"This time has to be different," Tori Amos told Salon's Amanda Marcotte on "Salon Talks."
Amos is referring to the piling accusations against disgraced Hollywood producer Harvey Weinstein and the culture of sexual violence against women that permeates every single industry in this country. This cycle of sexual misconduct is something both deeply important to Amos, as well as familiar.
She wrote the song "Me and a Gun" in 1991, which recounts her own rape experience. It was a powerful single from her debut album "Little Earthquakes." Three years later, Amos founded the rape crisis hotline Rape, Abuse & Incest National Network (RAINN), as a way to connect survivors to support and aid the feeling of helplessness that often looms when perpetrators are routinely not held accountable for their actions.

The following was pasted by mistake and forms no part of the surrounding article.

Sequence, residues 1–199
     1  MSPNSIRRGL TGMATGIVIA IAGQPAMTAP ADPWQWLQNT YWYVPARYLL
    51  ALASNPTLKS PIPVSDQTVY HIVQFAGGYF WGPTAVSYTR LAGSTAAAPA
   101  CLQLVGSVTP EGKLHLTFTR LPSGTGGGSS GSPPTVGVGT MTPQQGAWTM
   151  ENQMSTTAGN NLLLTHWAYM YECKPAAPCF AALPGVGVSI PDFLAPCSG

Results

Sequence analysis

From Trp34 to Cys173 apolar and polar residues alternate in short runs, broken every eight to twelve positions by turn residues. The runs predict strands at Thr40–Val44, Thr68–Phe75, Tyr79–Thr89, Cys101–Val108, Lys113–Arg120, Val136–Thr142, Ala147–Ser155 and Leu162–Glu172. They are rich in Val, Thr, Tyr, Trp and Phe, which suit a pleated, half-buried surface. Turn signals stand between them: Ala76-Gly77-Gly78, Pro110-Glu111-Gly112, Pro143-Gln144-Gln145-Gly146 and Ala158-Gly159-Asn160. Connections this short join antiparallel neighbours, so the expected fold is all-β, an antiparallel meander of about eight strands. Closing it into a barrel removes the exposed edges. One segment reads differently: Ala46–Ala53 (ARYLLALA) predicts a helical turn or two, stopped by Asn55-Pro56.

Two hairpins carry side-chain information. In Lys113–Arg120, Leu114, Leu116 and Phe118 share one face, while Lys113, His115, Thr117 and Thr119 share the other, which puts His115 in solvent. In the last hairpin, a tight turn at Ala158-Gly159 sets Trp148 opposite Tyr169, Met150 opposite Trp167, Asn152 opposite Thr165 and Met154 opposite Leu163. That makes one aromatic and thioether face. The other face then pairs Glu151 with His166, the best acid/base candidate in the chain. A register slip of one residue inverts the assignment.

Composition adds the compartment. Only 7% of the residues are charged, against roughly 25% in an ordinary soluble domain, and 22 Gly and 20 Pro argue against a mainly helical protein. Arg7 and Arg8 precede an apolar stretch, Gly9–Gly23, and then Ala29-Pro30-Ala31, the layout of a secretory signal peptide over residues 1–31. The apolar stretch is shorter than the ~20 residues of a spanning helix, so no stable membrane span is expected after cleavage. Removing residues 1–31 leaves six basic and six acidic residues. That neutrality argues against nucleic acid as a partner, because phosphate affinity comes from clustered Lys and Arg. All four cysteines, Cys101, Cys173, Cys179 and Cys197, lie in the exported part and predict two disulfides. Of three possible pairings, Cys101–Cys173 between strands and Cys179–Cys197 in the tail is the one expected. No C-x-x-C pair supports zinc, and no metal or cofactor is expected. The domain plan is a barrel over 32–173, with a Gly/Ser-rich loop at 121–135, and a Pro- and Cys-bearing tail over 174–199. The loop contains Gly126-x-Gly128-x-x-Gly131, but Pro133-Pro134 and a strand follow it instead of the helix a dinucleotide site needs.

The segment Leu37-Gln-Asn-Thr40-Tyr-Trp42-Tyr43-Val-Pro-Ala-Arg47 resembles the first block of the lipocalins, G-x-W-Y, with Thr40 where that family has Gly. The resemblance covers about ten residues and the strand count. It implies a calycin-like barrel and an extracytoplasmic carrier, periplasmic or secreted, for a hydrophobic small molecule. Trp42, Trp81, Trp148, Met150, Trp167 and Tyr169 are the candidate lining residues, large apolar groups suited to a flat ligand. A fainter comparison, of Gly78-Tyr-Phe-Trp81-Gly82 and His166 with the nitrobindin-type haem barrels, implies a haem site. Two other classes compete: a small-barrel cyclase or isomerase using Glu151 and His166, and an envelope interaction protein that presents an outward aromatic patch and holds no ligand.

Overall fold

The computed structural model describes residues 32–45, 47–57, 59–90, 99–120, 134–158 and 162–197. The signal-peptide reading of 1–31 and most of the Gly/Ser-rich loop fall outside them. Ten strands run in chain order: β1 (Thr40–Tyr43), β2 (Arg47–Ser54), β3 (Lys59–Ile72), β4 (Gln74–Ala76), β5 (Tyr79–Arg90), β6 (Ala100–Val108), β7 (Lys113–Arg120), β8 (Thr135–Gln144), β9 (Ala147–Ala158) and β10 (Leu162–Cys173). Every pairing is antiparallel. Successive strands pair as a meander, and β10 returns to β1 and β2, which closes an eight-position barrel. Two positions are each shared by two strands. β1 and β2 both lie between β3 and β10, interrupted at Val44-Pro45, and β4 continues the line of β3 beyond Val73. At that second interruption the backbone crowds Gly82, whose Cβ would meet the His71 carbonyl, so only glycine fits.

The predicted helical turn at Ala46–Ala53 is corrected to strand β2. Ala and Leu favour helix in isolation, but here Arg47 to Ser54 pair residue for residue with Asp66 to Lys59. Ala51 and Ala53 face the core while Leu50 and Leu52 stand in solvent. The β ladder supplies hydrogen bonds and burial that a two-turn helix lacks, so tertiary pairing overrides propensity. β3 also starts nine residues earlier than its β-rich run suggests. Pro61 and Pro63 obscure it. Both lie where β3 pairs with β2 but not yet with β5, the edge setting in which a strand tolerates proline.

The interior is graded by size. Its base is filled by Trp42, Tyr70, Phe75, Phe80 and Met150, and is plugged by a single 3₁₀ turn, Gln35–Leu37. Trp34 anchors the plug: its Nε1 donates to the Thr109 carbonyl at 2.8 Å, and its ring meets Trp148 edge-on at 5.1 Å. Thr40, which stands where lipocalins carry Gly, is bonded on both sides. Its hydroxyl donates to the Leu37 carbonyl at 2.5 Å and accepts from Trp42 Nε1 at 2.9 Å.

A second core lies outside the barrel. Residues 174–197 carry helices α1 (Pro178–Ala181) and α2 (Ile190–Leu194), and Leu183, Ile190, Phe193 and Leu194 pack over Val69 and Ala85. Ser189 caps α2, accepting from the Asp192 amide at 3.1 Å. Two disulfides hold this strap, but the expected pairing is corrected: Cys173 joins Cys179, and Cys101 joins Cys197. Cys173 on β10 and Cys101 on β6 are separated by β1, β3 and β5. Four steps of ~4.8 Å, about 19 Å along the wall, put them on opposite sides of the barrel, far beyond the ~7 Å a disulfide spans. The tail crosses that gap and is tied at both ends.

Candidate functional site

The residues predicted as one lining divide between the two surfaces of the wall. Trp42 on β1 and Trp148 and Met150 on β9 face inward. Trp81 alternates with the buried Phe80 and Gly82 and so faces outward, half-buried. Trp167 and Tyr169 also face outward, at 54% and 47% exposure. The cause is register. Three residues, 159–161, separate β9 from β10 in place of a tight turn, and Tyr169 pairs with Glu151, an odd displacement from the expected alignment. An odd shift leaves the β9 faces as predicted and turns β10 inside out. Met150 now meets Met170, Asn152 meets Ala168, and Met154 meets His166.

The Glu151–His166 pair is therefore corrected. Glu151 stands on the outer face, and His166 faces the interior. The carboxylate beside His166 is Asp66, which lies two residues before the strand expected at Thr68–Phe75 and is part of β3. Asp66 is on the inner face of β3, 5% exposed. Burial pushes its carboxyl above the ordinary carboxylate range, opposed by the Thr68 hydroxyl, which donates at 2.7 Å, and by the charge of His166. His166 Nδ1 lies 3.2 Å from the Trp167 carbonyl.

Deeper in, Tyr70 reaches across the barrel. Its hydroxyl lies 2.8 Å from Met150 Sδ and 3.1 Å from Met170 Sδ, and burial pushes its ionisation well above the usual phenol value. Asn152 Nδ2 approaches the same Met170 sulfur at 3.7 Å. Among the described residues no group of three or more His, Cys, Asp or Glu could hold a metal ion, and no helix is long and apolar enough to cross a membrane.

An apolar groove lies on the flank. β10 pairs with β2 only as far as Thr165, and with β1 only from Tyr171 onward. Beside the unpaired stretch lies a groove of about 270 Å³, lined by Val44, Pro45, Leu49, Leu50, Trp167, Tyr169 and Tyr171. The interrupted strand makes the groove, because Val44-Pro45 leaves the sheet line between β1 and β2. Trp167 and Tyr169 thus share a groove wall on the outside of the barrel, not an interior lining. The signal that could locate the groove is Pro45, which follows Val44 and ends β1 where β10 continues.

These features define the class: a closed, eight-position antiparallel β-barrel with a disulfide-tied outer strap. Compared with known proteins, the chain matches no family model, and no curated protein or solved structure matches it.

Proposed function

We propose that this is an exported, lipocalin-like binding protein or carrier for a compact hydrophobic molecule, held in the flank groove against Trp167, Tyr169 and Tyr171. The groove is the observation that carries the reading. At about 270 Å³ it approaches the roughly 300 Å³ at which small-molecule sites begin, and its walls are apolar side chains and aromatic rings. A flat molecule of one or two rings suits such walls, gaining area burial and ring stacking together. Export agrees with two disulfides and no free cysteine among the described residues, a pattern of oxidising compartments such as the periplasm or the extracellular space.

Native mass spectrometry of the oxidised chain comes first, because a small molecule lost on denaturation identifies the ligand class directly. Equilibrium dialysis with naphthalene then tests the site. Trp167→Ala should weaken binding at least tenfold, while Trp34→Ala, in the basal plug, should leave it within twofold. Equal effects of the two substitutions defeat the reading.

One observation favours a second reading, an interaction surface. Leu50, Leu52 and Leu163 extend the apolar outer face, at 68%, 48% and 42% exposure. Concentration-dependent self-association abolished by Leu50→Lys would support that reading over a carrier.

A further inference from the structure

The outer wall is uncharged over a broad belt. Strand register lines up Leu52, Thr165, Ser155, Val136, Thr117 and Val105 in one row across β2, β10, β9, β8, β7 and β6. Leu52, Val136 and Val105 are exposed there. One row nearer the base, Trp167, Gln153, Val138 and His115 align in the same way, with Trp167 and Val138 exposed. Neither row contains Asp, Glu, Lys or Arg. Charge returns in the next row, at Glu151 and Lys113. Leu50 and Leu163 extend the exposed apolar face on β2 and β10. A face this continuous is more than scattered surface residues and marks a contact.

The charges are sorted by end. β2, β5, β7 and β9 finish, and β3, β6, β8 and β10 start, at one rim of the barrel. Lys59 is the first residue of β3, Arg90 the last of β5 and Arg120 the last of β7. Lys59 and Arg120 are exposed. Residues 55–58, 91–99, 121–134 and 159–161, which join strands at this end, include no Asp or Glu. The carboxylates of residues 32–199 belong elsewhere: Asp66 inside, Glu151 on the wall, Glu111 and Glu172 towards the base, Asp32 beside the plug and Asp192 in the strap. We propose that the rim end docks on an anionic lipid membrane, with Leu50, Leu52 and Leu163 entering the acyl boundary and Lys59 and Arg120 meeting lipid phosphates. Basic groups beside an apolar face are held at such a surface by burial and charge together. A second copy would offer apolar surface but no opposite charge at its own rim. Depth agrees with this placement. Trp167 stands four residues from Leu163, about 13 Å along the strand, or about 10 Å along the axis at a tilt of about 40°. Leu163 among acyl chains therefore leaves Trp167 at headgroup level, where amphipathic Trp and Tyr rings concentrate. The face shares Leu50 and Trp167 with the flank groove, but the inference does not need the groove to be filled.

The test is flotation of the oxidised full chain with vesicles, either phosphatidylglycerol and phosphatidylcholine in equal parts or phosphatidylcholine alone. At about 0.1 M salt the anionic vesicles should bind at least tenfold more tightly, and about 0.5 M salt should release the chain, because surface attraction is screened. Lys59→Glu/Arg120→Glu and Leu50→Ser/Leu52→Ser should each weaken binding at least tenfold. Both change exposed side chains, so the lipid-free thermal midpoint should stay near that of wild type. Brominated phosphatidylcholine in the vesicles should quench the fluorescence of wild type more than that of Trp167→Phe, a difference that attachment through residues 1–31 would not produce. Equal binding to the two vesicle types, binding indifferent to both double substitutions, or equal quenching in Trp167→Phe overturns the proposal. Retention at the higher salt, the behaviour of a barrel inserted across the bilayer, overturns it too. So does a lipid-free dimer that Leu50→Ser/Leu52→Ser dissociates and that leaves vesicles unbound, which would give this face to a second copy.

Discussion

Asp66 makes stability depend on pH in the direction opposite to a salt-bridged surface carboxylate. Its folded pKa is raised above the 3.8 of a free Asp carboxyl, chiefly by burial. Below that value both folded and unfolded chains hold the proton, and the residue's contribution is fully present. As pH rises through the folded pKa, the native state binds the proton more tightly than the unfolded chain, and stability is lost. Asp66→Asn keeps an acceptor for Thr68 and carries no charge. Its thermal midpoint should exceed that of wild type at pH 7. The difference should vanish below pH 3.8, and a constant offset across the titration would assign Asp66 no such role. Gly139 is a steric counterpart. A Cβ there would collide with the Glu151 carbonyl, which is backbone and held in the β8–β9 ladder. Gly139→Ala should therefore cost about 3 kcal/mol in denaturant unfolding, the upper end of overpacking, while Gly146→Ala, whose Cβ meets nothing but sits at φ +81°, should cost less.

While Hollywood is just beginning to grapple with the ways sexual predators are protected and shielded from responsibility, Amos has solutions.
"We have to demand a protocol to be put into place in the workplace," Amos said. Because "there will be pervy CEOs, and there'll be pervy office people, and pervy musicians, and pervy actors and directors, and pervy presidents, in all places," she continued.
In Amos' words, you cannot control "what's in the mind of someone, but you can have boundaries and protocols in place so that there are consequences if people behave inappropriately."
If the allegations against Weinstein are a launching point for addressing the pervasiveness of sexual violence, then as Amos said, "We cannot rest now."
Amos' new album "Native Invader," her fifteenth studio album, is out now.
Watch the full "Salon Talks" conversation with Amos on Facebook.